Right on schedule, Pantone has revealed the color of the year for 2021. In a break with tradition, there are actually two colors—a bright, buttery yellow called Illuminating, and Ultimate Gray. The minute I saw the yellow, I thought, perfect choice! It’s cheerful, and after 2020, we need all the cheering up we can get. But gray? Most of 2020 was a dismal, gray year, and the thought of facing yet another year like that is downright depressing. I don’t need to reinforce those bleak feelings.Continue reading “A Pantone “Color of the Year” Garden”
When we think of combining flowers in a flowerbed or border, the first consideration that usually comes to mind is color. Do we choose warm oranges and yellows, or cool lavenders and whites? Or do we combine the two, juxtaposing orange and yellow with deep violet, for example? Of course, color isn’t the only issue. Plants have other features that we should also take note of, such as height, foliage, and, in particular, bloom time. (There’s no point in combining flowers if they bloom at separate times of the growing season.) Then, we need to ask if they have the same cultural needs—shade vs. sun, or damp vs. xeric, for instance.
But how often do we consider flower shape when pairing blooms?
I don’t know about you, but even if I’m not sick with the virus, I’m certainly sick of hearing about it. Between all the advice (yes, I know to wash my hands) and the news articles that ultimately reveal how little we actually know, I’m full. Saturated. Satiated. Enough already. Continue reading “Dreaming of Summer”
Brilliant! Dazzling! Bright, vivid, and sparkling! With so much gloom and doom in the news, what we gardeners need right now is color, and the more intense, the better. It’s still snowing outside (yes, today, on the first day of spring), but that won’t stop me from enjoying the flowers of summer inside.
There we were, a gaggle of pre-adolescent girls approaching puberty, giggling as we shared the details of the recent talks we’d each had with our mothers. Apparently, the parents had gotten together and decided to synchronize their lectures about the birds and the bees. That was smart on behalf of the parents—armed with the facts, we wouldn’t be sharing misinformation.
Q: What has ears but cannot hear?
A: A field of corn.
Q: Why is corn such a good listener?
A: Because it’s all ears!
Q: Why shouldn’t you tell secrets on a farm?
A: Because the potatoes have eyes, the corn has ears, and the beans stalk.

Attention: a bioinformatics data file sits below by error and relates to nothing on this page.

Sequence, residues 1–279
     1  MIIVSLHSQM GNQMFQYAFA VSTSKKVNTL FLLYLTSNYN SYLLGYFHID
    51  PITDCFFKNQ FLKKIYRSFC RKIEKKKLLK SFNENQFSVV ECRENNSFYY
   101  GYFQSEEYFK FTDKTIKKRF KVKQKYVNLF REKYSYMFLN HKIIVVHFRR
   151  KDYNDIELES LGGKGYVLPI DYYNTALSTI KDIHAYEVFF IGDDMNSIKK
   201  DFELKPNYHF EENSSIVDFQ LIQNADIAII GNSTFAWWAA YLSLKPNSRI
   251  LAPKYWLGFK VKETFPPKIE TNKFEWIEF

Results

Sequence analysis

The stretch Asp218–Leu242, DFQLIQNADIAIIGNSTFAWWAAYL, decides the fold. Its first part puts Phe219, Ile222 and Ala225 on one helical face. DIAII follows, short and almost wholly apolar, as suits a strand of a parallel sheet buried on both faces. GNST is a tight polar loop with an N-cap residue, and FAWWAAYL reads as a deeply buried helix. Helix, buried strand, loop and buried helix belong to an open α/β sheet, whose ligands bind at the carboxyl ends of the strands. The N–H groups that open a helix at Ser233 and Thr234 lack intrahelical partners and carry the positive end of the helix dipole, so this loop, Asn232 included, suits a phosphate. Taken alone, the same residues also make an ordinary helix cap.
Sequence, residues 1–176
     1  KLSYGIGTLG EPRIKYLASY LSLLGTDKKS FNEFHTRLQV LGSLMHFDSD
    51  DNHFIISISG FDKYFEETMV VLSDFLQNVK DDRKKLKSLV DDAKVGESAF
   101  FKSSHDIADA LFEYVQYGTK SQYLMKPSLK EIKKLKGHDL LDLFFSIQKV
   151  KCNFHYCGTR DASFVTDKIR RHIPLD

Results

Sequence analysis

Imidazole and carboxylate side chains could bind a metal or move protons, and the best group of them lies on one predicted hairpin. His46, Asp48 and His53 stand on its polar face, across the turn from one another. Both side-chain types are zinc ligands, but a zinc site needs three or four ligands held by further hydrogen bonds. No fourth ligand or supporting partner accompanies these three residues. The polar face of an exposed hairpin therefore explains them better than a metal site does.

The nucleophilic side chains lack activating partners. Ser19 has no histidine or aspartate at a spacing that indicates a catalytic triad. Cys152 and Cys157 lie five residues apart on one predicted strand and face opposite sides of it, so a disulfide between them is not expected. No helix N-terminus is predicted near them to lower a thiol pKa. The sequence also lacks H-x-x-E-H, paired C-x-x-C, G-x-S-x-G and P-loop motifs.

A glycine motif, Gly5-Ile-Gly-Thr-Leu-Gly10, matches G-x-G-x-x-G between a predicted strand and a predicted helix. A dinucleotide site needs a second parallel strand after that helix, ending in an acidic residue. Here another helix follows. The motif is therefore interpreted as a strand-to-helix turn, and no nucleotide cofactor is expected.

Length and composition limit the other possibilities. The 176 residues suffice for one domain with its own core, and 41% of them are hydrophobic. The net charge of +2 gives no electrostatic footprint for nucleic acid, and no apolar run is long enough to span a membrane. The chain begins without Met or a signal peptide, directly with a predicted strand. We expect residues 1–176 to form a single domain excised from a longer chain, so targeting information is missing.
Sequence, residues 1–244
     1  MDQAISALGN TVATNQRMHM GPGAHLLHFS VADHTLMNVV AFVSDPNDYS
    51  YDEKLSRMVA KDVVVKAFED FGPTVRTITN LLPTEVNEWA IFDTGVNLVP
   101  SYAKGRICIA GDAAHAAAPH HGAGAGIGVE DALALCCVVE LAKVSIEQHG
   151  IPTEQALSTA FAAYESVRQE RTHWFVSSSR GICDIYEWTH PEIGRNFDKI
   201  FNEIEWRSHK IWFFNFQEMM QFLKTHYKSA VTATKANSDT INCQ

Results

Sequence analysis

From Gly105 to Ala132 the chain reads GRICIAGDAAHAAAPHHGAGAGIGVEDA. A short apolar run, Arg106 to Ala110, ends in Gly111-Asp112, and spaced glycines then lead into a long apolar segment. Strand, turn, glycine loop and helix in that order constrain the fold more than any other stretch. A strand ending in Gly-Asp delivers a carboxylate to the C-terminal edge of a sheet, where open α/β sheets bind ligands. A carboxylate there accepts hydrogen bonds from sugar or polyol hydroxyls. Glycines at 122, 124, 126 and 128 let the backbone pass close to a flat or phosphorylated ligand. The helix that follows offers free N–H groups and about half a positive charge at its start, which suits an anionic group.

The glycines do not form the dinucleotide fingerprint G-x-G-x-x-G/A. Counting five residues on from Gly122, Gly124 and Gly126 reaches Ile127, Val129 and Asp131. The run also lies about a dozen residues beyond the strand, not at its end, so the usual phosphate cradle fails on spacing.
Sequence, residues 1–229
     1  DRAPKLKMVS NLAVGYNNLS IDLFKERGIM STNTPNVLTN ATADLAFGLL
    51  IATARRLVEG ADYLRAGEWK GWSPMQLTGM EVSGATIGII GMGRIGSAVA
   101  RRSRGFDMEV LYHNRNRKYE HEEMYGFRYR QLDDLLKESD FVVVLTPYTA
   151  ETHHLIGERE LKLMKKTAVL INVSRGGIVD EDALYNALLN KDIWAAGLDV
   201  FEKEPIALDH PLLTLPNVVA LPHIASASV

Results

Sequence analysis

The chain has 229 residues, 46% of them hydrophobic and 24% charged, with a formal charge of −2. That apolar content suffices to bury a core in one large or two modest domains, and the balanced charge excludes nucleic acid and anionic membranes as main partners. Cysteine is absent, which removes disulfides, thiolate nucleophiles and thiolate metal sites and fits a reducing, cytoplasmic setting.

Are you groaning yet? We make (bad) jokes about ears of corn, but it appears that plants might really have ears.
“Deadhead” can mean a number of things: a fan of the Grateful Dead, to complete a trip without paying passengers or freight, or an airline crewmember hitching a free ride on a plane so they can get to their assigned flight. If you’re a gardener, then deadheading means pinching off faded flowers.
What is it with August and yellow flowers? Last week Pete and I revisited the Yampa River Botanic Park in Steamboat Springs. As I expected, the gardens were in full bloom—dazzling in the clear mountain sunshine. As I strolled the pathways, I noticed expanses of Coreopsis, clumps of Rudbeckia, beds of sulfur-yellow buckwheat (Eriogonum), and sprays of goldenrod. And that’s when I realized that the majority of blooms were in some shade of yellow.
Every year in early March, Pete and I discover a FedEx package on our front porch. It typically arrives on a cold and blustery, perhaps snowy, day. It may be winter outside, but I know that spring will be found inside that box. I run downstairs, grab a large vase, and rush back to the kitchen, where I fill the vase with warm water. I eagerly tear open the package. Then, carefully extracting the bundles of flowers from the box, and sliding the rubber bands off to separate them, I snip off the ends of each stem with a pair of kitchen scissors and arrange the as yet unopened daffodils in the vase. Thanks to some wonderful friends, over the next week or so, cheerful yellow flowers will provide the perfect antidote for Colorado’s late springs.